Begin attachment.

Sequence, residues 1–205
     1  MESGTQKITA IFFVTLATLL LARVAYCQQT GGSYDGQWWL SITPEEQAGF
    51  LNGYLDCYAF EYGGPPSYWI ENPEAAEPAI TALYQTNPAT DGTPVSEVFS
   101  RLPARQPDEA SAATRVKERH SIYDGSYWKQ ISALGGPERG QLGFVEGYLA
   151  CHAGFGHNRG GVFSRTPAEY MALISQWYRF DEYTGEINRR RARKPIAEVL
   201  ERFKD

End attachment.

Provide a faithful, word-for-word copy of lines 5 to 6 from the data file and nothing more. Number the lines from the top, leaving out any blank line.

   151  CHAGFGHNRG GVFSRTPAEY MALISQWYRF DEYTGEINRR RARKPIAEVL
   201  ERFKD